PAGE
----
Professor of Plant Biology and Biotechnology, University of Dundee

My research focuses on two main areas, lignin biosynthesis and meiotic recombination, although I also maintain an active interest in enabling techniques for plant biotechnology. Lignin is an essential component of many plant cell walls, where it waterproofs and rigidifies the structure, protecting it from degradation. This complicates the release of cell wall sugars or cellulose during ruminant digestion and in biofuel and paper production, although lignin itself is a useful staring material for the production of valuable chemicals. The lignin biosynthesis pathway has been well-studied but is still yielding surprises and important basic features are poorly understood. The spatial organisation of the pathway, how it is regulated, and how it coordinates with other aspects of cell wall development and wider plant metabolism, are areas of intensive current research. A major applied focus is to understand how lignin can be manipulated in plant biomass to enable the production of second generation biofuels.

The Halpin group are using association genetics in barley (in collaboration with Robbie Waugh, JHI) along with barley and Arabidopsis mutants and transgenics where lignin has been manipulated, to discover new genes related to lignin biosynthesis and to determine how lignin properties affect different bioenergy applications. We are one of 6 research hubs in the BBSRC Sustainable Bioenergy Centre (BSBEC http://www.bsbec.bbsrc.ac.uk/). Within BSBEC, we lead the ‘Cell Wall Lignin Programme’ which aims to identify barley genotypes that facilitate efficient biofuel production from straw, and provide molecular markers for breeding improved energy crops. Our Arabidopsis work is funded by programme grants from the Global Climate and Energy Project (http://gcep.stanford.edu/), in collaboration with lignin experts in Belgium and the USA.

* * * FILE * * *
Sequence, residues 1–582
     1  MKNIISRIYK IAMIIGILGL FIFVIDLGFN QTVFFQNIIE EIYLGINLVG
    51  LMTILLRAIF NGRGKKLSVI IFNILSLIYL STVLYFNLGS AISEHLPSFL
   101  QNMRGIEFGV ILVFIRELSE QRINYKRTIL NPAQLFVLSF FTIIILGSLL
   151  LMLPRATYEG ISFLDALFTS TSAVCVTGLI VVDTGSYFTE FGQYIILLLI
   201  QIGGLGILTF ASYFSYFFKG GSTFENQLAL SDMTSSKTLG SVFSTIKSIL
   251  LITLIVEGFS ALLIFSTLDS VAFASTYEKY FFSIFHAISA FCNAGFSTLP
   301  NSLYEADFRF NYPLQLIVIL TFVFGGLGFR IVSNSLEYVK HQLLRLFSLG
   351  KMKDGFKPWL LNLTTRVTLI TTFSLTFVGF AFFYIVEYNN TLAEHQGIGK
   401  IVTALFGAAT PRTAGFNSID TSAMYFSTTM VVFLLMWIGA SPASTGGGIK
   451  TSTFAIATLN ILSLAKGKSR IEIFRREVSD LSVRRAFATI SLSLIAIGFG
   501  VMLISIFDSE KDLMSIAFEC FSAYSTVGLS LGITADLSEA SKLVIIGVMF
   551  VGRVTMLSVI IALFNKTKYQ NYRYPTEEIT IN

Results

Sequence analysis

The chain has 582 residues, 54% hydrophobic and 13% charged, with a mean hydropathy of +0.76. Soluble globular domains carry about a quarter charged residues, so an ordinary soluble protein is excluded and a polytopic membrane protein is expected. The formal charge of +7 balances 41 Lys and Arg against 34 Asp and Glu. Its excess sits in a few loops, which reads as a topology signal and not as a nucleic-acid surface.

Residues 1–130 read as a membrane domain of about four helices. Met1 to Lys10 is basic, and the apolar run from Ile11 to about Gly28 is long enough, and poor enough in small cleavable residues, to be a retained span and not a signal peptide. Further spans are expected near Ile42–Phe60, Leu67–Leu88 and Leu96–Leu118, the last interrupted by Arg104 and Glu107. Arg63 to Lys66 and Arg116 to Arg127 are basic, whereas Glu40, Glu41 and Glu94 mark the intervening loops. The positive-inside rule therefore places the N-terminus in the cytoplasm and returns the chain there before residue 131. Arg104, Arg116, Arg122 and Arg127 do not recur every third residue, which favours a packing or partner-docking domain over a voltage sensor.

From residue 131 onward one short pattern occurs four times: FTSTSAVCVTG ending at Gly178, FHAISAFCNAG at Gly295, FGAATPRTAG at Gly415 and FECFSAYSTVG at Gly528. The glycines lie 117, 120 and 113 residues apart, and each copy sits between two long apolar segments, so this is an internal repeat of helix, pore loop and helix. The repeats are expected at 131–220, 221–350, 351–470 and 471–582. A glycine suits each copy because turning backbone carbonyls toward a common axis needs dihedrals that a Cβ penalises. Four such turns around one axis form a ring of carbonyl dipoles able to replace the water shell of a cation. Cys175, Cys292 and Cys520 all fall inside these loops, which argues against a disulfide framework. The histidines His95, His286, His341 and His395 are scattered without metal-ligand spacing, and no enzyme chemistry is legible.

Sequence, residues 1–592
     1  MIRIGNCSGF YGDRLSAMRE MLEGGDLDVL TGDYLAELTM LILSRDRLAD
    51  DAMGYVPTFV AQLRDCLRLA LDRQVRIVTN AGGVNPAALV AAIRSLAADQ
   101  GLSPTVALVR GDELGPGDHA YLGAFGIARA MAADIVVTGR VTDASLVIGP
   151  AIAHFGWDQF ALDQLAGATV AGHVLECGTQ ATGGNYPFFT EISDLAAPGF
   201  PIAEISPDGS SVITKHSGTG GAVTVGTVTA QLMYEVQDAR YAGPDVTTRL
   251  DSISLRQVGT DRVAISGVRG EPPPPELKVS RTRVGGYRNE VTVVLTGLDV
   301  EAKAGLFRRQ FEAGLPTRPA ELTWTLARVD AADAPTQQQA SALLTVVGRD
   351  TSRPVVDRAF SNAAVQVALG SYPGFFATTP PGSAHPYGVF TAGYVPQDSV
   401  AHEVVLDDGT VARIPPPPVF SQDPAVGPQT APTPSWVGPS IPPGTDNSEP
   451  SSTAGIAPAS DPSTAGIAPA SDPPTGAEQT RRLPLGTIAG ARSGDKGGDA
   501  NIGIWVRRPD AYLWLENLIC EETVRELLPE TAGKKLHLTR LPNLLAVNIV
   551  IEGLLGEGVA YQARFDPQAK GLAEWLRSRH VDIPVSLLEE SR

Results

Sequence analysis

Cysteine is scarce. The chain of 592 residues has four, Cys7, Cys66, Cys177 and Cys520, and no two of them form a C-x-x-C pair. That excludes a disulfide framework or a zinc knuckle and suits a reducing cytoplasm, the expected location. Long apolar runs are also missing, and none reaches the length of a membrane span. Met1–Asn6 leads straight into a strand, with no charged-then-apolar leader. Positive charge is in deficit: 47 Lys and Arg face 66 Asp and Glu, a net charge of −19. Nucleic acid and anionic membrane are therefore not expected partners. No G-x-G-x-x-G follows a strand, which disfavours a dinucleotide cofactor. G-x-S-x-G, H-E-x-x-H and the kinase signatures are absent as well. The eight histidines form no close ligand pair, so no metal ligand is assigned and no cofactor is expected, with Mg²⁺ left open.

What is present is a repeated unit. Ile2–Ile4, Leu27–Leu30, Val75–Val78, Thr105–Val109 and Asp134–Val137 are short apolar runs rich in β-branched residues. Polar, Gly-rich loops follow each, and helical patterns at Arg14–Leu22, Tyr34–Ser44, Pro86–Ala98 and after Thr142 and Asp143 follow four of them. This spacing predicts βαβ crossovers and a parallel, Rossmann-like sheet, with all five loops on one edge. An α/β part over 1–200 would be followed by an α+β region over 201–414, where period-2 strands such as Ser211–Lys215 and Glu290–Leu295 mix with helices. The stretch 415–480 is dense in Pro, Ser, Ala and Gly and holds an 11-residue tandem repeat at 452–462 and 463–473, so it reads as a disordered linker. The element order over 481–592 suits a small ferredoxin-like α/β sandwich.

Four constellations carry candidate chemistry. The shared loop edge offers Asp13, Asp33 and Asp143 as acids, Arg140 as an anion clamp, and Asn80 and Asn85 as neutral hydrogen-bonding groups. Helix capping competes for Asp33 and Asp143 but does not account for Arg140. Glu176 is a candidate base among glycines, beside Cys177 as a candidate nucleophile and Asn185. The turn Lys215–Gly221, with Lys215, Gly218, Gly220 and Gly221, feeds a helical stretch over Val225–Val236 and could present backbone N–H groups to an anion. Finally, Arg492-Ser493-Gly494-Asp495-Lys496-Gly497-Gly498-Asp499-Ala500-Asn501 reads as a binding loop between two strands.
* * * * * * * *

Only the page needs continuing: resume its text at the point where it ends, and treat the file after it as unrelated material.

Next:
Our research on meiotic recombination also focusses on barley where, in common with many other important crop species, large areas of chromosomes rarely, if ever, recombine. This limits the creation and exploitation of genetic diversity that is a fundamental process underlying crop breeding programmes. Greater understanding of how recombination is controlled in barley might allow us to manipulate the process to improve the available genetic diversity and the speed and accuracy of plant breeding. We are building on knowledge of recombination generated in Arabidopsis to evaluate the role of orthologous barley genes in recombination using both transgenic and mutant plants.

Experience

  • –present
    Professor of Plant Biology and Biotechnology, University of Dundee